Hallie Watson

 

 

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Clouds Over Pip's Pond (13.75 x 19.5

 

Pip’s Pond


    
   When Ron drops me off at the north farm, I step off the maintained gravel road onto the abandoned part of the fourth line and things begin to fall away. The car gets tiny and disappears.
    
   I can see where the road used to be, the sides cut into the hill in places. There is a track there now, with an apple tree bravely producing tiny apples to the side and there is coyote scat right in the middle of the path. Bees buzz and there is a settling in me as I readjust to being on my own.
    
   I am walking down to Pip’s pond. The road goes through pine forest, softly needled, and then into open grass. Big hills rise up on both sides and there is just me and the place together. As I walk around a curve I see big, moving, dark shapes up on the road ahead. What are they? I am  uneasy then realize that they are wild turkeys, their big bodies on the road in front of me even though they know I am coming. They look at me for a long time and get bigger as I advance. They should be frightened of me but there is safety in numbers and there are at least three of them. At the last minute they get off the grassy road and linger down the embankment before disappearing.
    
   Now I see Pip’s pond, the ripples of the surface coming and going, the clouds reflecting on the surface. I lay a groundsheet on the horse-taily damp ground and draw. There is an exchange between me and the place I am in and the air is filled with pre-historic dragon flies, their dry wings making an astonishing racket in the sunshine. A chickadee is in a bush over my head, anxiously talking on and on. I draw the hypnotic, moving pattern on the surface of the water and I smell the sun on the mud and green plants at the water’s edge.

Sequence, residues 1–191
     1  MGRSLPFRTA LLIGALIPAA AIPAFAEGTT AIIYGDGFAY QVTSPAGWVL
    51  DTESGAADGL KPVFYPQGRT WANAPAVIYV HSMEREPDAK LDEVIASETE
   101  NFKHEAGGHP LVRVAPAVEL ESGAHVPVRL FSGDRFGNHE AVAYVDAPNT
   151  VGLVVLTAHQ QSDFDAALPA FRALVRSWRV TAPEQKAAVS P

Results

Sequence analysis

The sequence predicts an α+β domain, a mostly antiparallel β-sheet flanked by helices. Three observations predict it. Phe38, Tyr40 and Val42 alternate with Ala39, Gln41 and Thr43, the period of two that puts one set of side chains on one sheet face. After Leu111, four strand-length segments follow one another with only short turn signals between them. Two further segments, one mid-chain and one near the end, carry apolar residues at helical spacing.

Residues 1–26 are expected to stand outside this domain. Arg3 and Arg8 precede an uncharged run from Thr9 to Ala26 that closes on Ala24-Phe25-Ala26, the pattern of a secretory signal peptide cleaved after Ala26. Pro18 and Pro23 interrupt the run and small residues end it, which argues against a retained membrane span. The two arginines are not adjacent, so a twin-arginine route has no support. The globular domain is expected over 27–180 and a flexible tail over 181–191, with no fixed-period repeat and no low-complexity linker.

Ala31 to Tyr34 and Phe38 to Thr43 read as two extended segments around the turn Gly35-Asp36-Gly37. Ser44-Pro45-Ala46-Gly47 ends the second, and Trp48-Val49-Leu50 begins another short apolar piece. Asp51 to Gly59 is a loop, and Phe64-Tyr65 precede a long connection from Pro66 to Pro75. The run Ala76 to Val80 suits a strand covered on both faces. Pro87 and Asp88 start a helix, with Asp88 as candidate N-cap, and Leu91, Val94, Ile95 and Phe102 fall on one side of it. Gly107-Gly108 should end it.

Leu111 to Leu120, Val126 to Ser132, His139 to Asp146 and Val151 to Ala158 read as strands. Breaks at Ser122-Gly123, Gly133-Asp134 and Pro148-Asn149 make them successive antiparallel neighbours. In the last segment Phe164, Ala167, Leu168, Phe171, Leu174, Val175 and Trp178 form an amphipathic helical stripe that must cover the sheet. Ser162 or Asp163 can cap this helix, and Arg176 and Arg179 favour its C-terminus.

Suddenly I hear a crashing in the trees not far to my left, something is there and it’s something big, breaking big branches. My brain goes into pre-historic fear. I don’t wonder if it’s a deer, I think of something big, powerful and unafraid. The wild repossession of the countryside has flipped a primordial switch and there is a back bend in my imagination. Instead of a flock of wild turkeys, heavy in the branches, there is something huge, and menacing, a dark shape lurking, a bear, a monster. I am a puny figure in the wilderness, the balance of modern reason is tipped backwards in time to illogical fear. I am the first settlers wondering what might be hiding in the dark forest. There is only me in my sock feet sitting on the ground in the sunshine by the lapping water.
    
   I pull myself back. I stand up and yell to tell whatever it is that I am there, and the crashing stops. Maybe whatever it is is still there but it makes no sound now. It lies down and pulls the leaves over its dark body.
    
   I go back to my drawing. The dragonflies resume. They light on my drawing board, shimmering with blue wings.